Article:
Thanks! I am glad you liked it, though I doubt you need it. ;)


Thank you. :) Charcoal pencils shouldn't be hard to find, I shouldn't think...if you have charcoal sticks, you can even sharpen them to a point, which is, I think how they are supposed to be used, but pencils are better because they are not as messy. I hope you can find some. :)

01 January 2007, 06:05 PM
Hi Rebecca, thanks for the tutorial. I'm trying charcoal myself, so it is very useful to see how you work. It's very useful to see the pictures of the actual setup, to get an idea of size.

01 January 2007, 07:36 PM
Hi there,

Another great teaching from you. :D
Thanks a lot for your patience and dedication once more :)
It's very nice to see you charcoal technique like that and even more read other experienced artists comments here.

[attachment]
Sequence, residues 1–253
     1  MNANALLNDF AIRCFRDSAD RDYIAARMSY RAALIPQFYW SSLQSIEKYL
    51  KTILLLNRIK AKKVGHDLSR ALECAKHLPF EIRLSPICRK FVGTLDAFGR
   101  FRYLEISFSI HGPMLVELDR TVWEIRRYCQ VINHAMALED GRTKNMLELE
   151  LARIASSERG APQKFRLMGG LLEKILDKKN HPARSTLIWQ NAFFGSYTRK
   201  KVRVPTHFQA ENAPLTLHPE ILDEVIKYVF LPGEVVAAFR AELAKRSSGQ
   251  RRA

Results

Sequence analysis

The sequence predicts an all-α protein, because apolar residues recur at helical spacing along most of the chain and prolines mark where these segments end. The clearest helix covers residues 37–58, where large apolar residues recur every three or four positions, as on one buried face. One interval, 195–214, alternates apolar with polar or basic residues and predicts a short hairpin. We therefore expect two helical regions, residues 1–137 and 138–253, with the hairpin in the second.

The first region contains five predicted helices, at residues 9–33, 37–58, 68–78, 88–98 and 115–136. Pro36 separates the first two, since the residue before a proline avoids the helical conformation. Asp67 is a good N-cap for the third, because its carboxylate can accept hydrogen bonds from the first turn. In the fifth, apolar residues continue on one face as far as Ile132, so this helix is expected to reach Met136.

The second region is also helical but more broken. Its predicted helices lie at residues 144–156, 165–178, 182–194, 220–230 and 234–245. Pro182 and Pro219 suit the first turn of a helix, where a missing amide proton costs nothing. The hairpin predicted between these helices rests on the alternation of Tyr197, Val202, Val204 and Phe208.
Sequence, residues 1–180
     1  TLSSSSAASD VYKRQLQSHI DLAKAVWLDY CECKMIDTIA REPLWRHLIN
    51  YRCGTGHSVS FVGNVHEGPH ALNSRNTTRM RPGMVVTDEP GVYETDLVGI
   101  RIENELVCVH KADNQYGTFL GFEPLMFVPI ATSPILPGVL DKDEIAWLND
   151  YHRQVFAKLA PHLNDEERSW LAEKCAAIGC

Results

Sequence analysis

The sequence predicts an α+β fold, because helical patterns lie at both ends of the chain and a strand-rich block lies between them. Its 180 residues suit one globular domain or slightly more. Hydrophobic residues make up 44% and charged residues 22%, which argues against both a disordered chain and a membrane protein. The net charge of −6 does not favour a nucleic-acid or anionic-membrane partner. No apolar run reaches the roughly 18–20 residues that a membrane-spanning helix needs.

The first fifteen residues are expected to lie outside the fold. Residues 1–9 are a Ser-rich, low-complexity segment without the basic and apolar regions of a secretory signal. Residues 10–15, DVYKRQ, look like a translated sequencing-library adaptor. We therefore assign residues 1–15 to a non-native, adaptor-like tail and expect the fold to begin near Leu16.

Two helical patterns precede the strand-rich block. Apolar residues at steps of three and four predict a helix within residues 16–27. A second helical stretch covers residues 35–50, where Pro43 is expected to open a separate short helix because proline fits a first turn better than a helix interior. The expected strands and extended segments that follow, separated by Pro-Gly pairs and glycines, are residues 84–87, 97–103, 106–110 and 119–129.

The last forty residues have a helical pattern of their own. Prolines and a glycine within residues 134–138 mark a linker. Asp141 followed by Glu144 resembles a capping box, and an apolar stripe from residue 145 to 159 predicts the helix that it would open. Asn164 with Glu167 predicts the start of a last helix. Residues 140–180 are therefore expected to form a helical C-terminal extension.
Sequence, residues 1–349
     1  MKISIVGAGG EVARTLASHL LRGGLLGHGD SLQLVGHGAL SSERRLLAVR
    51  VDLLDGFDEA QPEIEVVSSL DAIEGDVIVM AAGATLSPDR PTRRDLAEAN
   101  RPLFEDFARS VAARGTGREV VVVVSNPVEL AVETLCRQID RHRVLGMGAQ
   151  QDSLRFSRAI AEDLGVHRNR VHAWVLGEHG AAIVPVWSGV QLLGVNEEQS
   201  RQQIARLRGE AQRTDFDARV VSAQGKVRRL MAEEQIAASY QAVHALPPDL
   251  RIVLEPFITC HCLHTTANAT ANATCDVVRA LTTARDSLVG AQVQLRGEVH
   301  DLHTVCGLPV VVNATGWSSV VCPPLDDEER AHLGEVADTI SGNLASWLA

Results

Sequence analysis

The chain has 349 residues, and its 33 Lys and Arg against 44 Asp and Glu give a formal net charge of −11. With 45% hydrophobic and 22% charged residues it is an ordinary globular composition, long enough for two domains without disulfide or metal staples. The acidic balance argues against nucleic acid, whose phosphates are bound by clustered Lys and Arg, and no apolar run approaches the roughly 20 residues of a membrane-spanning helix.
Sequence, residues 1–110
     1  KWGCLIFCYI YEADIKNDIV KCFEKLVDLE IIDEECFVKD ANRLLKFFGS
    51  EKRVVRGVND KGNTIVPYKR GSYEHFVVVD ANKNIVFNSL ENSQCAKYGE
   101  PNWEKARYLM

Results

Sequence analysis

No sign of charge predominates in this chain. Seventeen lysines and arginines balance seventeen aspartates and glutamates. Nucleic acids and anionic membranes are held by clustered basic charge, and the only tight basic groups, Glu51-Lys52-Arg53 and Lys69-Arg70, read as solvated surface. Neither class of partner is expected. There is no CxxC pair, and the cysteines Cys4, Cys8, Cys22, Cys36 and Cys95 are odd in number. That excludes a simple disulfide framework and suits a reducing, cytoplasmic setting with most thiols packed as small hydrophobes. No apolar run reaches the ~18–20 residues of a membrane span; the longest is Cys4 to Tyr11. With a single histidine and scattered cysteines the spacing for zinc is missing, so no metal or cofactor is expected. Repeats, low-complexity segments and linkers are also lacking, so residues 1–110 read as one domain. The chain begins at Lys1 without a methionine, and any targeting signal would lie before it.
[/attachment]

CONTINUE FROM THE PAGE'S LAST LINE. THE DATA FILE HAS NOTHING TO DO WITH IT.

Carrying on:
Best wishes, cya,

01 January 2007, 02:16 AM

Thank you, I'm glad it was useful, and I look forward to seeing your charcoal drawings. :)


Thanks for dropping by and for your supportive comments. :)

01 January 2007, 05:08 AM
Great to see you put together this step by step Rebecca. I have totally fallen in love again with charcoals and pencils. I think for the next couple of months, I'll just be using those at the academy.

01 January 2007, 05:44 AM
Thanks QS. :) For the interested, I'm working on a pencil self portrait for my class (WIP) - hehe, I haven't done a drawing like this since high school, but it's fun:

Step by steps so far are here:

WIP Step by Steps (;f=7;t=95;st=0;r=1;&#entry461);f=7;t=95;st=0;r=1;&#entry461

Will post a full step by step when I'm finished with this. :)


01 January 2007, 05:09 PM
Thanks so much for the walkthrough. Not much else to add to what's already been said.

01 January 2007, 07:34 PM
Nice demo rebecca. very helpful. i'm ging to try the technique tonight.Very nice drawing as well of course. Thanks.

01 January 2007, 11:56 AM